City College has now spent $35,550 on an image consultant to improve its relationship with Santa Barbara residents.
Desperate to better its communication, the college has failed to recognize The Channels student newspaper as a resource for that purpose. Their fear of responding to negativity only allows misinformation to fill in the gap.
The Channels Editorial Board feels our dedication and commitment to the school and community is being met with evasive tactics and secrecy. As a college promoting student safety and success, the college’s actions in several instances diminished both. The college needs to recognize the tools it already has and use them.
The student newspaper is composed of informed and engaged students, whose stories show what makes our college an asset to the community. The articles cover successful students, educational programs, upcoming events, sustainability efforts and neighborhood outreach, to name a few.
Yet, our efforts have recently been met with roadblocks, forcing student reporters to take painstaking and unnecessary measures to report stories that should have been simple.
This semester there have already been two incidents in which the college’s lack of emergency preparedness led to fear and rumors.
The first surrounded the death of a food service facility operator due to a medical emergency earlier this semester. Several police cars were stationed on campus and rumors began to fly, and many students thought someone had been murdered.
The administration first released information to the campus at 7:46 a.m. in an email, stating that officers were dispatched and there was no reason for alarm.
The second email went out at 8:34 a.m., revealing it was a medical incident and no foul play was suspected.
The administration then waited until 5:15 p.m. to provide any more information, again in the form of an email.
Taking into account the 2014 Isla Vista tragedy and the alarming rate of mass-shootings in America, a vague email telling everyone things are fine does not suffice. That is not fair to students, staff or the community and does not support an environment of trust and safety.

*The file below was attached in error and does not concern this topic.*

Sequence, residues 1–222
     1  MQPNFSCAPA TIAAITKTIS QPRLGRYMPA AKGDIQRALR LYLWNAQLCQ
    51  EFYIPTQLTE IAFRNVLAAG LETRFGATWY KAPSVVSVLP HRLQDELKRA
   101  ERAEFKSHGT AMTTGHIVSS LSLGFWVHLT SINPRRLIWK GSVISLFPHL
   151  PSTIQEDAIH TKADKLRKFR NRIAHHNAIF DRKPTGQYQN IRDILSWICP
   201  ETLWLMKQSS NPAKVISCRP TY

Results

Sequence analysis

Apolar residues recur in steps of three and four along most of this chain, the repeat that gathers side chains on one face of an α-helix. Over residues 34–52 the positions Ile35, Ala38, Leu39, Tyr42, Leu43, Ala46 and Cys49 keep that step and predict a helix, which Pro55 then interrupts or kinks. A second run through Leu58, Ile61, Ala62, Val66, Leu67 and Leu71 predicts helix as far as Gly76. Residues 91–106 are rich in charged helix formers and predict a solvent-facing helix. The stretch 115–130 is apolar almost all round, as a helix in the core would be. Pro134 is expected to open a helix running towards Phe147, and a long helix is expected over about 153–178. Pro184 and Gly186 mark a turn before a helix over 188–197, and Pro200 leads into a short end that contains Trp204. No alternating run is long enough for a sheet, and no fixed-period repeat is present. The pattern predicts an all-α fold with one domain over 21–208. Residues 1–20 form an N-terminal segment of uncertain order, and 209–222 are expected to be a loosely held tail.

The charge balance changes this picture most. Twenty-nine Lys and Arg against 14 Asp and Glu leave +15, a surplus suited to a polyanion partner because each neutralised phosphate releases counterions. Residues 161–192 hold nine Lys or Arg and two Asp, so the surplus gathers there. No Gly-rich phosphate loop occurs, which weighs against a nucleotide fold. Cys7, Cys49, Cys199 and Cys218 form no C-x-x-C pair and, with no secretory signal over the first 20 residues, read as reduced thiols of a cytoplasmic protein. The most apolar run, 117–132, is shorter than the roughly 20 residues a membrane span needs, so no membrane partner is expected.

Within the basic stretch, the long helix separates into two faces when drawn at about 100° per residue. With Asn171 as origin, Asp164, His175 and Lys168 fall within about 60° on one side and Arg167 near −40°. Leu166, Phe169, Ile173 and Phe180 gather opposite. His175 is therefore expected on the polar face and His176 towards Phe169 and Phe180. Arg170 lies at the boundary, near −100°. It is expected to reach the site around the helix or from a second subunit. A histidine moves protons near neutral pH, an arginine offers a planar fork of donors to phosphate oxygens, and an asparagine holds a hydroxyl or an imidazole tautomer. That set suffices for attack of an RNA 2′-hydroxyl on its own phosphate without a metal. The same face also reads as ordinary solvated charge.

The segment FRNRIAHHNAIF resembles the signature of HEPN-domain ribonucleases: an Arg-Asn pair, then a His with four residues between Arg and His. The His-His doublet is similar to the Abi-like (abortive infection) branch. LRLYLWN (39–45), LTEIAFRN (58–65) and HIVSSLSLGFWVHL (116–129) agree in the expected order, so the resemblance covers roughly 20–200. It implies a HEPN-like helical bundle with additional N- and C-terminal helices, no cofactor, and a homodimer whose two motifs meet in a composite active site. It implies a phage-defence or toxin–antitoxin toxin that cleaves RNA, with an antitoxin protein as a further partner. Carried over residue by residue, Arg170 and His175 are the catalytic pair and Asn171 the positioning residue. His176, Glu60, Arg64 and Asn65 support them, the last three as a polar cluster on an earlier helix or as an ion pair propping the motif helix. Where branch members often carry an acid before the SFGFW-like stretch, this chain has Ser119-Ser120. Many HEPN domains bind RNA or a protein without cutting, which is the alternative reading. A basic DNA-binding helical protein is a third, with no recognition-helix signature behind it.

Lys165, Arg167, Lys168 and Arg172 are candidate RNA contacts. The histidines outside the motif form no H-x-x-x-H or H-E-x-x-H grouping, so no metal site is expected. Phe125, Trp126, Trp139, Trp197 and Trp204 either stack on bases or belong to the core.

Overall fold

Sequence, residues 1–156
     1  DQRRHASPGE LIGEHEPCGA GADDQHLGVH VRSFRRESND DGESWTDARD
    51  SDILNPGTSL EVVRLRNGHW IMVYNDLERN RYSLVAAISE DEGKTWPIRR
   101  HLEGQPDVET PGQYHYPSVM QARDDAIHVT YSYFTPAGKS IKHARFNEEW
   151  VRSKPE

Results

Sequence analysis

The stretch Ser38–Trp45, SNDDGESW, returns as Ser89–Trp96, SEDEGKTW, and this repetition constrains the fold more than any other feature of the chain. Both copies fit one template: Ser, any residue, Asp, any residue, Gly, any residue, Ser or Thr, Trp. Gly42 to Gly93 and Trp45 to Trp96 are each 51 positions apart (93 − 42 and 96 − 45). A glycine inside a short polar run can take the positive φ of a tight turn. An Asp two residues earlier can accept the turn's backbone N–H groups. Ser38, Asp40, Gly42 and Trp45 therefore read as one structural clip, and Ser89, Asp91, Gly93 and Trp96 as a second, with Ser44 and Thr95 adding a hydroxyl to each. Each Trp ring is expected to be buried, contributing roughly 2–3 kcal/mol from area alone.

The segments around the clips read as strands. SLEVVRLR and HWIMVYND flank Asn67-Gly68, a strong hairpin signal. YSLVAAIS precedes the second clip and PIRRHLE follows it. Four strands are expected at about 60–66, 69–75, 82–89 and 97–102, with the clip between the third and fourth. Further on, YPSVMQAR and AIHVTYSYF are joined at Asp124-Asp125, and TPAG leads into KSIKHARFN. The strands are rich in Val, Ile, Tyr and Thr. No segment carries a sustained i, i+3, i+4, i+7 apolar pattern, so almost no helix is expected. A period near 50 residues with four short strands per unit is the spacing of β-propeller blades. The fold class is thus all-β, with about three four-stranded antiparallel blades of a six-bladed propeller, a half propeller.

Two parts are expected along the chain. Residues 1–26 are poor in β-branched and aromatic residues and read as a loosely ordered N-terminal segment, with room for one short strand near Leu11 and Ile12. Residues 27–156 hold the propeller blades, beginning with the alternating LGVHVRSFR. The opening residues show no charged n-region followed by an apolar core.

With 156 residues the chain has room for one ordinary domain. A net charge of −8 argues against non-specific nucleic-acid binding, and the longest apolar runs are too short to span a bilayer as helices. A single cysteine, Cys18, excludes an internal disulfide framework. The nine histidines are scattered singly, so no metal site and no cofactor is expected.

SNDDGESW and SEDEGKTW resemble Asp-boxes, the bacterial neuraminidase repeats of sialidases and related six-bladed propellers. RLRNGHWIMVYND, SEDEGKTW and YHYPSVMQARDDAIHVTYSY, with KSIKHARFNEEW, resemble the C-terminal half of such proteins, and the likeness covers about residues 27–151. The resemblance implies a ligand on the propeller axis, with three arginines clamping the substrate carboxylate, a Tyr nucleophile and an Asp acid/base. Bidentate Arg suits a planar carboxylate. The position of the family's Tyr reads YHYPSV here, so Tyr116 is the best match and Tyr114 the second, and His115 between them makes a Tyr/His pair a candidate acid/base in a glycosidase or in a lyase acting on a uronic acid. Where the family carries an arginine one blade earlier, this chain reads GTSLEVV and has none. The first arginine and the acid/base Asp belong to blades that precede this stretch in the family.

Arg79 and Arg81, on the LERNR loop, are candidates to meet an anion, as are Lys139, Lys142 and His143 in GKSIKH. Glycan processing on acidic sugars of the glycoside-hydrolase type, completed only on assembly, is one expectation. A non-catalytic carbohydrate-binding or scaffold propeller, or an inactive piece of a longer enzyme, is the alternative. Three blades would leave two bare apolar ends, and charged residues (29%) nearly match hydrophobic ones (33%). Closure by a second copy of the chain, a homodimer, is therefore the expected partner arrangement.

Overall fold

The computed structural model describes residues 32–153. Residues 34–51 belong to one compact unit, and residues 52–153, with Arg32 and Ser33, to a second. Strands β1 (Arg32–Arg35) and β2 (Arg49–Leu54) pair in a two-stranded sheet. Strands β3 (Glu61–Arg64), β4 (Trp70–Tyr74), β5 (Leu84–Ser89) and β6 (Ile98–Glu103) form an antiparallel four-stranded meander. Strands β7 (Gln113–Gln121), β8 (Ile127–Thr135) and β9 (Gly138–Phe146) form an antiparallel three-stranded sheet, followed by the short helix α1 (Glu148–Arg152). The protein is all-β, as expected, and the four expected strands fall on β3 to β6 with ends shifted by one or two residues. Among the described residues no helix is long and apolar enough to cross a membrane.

During the almost 9 hours between emails, The Channels reached out to several sources in attempts to investigate but was shut down by all. It prevented the student media from fulfilling our duty to provide the community and student body with information.
The second incident was an unspecified threat made in an online chat room to the Santa Barbara community, which was handled by City College in a similar fashion of emails, vague wording and evasiveness.
Last semester, when investigating an alleged rape by a student athlete, our previous Editor-in-Chief was forced to file a public records act to receive the name of the student. We were told, “There are no secrets in this program,” by an instructor who then declined to provide information besides that a student was off the team.
This year isn’t the first time City College has spent a large sum of money to address communication issues. In 2010, it hired a similarly expensive consultant, with little reward.
In its recent report, SAE Communications repeatedly stressed the need for student success stories and well-rounded coverage of the college to reach the community.
No institution wants bad press, but shady tactics only fan negative flames.
Page 8 of the 107-page report states, “There is a strong desire to better inform external audiences and to promote the people who comprise the College – students, faculty, and staff – through the use of human interest stories.”
This is exactly what our student newspaper does. We cover news with the unique position of being a part of the institution we are writing about. We have the opportunity to inform the community and distill rumors in a way that email or Edhat simply cannot.
These are the stories that prove what an incredible institution we are. The Channels has the opportunity to knit communication regarding the school and community into one unified, reliable net; and it doesn’t cost $35,550.